When you begin exploring the world of horsemanship, and what lies at the foundation of it,timing will take on a whole new meaning. For example, when working with a horse, those who have truly devoted themselves to the art of horsemanship, know that pressure motivates, but it is the release of pressure that results in teaching the horse. But the timing becomes crucial. This is not something that humans have taught horses. Rather it is something that true horsemen have learned from horses through their observation of herd dynamics. When you watch horses communicating with each other, such as: when a horse exerts pressure and the other horse responds,and then the pressure is released, and the other horse responds,and then the pressure is released, you are learning from the horse on how they give and receive information.
As in any social group, there can be bullies in every herd. With horses, you may see a bully who is constantly applying pressure. The result is no one wants to be around them. If you watch close, you will often see the alpha horses in a herd run the bully off, until they can behave themselves.For horses, when pressure is applied and NOT released, horses will default to their sympathetic nervous system. This triggers their Fight or Flight Response. Nothing good ever comes from this situation, if you continuously apply pressure without ever offering a release. The consequence of NO release is creating a horse who becomes defensive and resistant to those who do NOT understand where true learning takes place, along with those who have yet to master the timing of their release. Timing is important in every-thing you do with horses. This is true and even valuable in your day-to-day routines.
Horses that are respectful,and responsive, become that way because their human leaders understand the importance of pressure, release, focus, feel and have gained an appreciation of the importance of timing.This can be demonstrated when you do groundwork with horses. Your timing becomes central with everything you do on the ground, because it is preparing both you and your horse for what happens when you are up in the saddle.When we incorporate focus,feel and timing while doing groundwork with our horses, we are establishing the heart and soul connection we all strive to have with our partners. This connection is what helps us to find the rhythm in the partnership dance I previously mentioned.As you grow in your horsemanship and begin to understand and experience the essence of timing, you are ready to ascend to the next level in your appreciation of timing.With this aspect of timing, it has to do with the rise and fall of each of the horse’s hooves. It is when you begin to sense or begin to feel when their hoof leaves the ground, and when it hits the ground.
This feature of timing is in the “about to”moment.Once the horse’s hoof leaves the ground or when it contacts the ground, it is committed to that movement. However, when the hoof is at that “about to”moment, this is when you can influence it to move in the direction you desire it to go.That is an immensely powerful sentence. I believe it is worthy of repeating. When a horse’s hoof is “about to” is when you can influence it to move in the direction you desire it to go. or most of us, this takes a lifetime to master. With the more horses you ride and the more horses you play with, the better you will be able to hone you rsense of timing, and that is where true mastery can be achieved.Balance: The last component of this 4-part discussion is balance. So,what is it? Well, like the previous three elements focus, feel, and timing, this one also depends on where you are in your horsemanship journey.When we first start learning about horses and how towork with them, balance has to do more with learning how to balance all of our tools in our hands.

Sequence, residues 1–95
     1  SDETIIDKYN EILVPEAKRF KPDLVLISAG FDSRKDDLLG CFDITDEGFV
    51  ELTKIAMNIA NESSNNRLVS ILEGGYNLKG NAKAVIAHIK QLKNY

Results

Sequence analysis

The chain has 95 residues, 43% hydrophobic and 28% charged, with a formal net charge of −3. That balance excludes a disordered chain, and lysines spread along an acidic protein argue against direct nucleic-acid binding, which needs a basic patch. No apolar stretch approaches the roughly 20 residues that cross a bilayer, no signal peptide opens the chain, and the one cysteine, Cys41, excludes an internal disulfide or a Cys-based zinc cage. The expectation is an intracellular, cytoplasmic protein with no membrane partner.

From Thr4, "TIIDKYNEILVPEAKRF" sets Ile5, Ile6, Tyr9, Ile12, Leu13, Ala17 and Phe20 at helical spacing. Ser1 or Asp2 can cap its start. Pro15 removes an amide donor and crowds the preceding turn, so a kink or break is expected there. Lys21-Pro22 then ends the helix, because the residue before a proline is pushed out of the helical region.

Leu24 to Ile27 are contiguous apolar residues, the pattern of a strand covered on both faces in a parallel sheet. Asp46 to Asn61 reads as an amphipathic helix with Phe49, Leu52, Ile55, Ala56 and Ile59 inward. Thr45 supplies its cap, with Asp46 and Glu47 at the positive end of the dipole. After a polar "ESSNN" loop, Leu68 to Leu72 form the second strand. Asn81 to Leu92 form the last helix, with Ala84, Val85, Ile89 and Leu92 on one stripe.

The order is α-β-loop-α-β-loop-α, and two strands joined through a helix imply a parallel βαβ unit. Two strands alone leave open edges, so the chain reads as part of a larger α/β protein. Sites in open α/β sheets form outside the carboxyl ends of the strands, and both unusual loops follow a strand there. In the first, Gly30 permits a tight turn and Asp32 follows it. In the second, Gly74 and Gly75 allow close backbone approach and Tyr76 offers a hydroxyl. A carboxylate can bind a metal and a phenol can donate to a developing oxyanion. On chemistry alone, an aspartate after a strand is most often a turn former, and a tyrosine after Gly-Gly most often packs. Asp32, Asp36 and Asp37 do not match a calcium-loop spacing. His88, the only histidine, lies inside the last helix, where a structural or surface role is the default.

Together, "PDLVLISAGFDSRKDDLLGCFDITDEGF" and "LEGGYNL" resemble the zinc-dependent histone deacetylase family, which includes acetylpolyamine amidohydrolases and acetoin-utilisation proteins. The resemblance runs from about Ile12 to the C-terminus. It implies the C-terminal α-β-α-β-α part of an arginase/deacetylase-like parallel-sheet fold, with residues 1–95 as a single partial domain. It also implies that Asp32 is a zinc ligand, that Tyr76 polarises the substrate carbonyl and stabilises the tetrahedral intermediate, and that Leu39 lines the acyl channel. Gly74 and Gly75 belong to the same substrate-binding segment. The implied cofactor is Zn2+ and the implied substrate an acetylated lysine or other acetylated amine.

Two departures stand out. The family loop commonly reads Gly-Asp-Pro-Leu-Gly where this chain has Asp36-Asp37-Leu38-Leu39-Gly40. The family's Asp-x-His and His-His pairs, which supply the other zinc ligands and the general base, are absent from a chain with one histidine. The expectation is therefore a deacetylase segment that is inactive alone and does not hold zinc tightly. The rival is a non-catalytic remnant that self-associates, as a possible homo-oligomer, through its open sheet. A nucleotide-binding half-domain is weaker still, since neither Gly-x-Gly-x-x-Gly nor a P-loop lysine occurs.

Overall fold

Then it’s learning how to stand balanced on our feet while moving around them, or getting on and off then and even just staying in the saddle.When we become more proficient, the meaning of balance begins to evolve. We start to recognize when we are out of balance; whether it is mental, physical, or emotional. These imbalances create a disconnect with inour heart and soul.Similarly, as we gain a greater expertise we can begin to recognize when our horses appear to be either balanced or out-of-balance within the seareas. And when we, and our horses, are both balanced, and in rhythm with each other, this is when things just seem to flow.
As your partnership dance begins, you will gain an increased level of awareness in your need to balance the following: first it’s the pressure and then it’s the release. It is balancing your knowing when, and how much pressure to apply, and then knowing when to release it. In the beginning, it’s much like a pendulum; things seem to swing too far in one direction, then the other. As you practice, you balance will improve. Your focus, while riding, will shift from trying to keep your balance while in the saddle, to your focus shifting to learning how to be balanced in the saddle. With increasing awareness and understanding of what we feel from the horse beneath us,we can get in rhythm with our horse’s movements and gain a greater precision in our timing.This will help the rider and horse move together in a more balanced harmonious fashion.
This is because: we have achieved a true heart and soul connection with our partner. Focus, Feel, Timing, and Balance are four essential elements that I believe, when they are studied, understood, and then applied,can really help you towards becoming a true horseman.As a lifelong student of the horse, I am thankful for the numerous great horsemen who have devoted their lives to the Way of the Horse. These pioneers dared to be bold, and yet,they were also willing to be vulnerable. I am forever grateful they were willing to share their experiences, and their wisdom,with others who also want to learn, such as: you and me.
Cindy Hartzell © 2020 Heart Soul Confidence-Based Horsemanship™ (530) 386-3639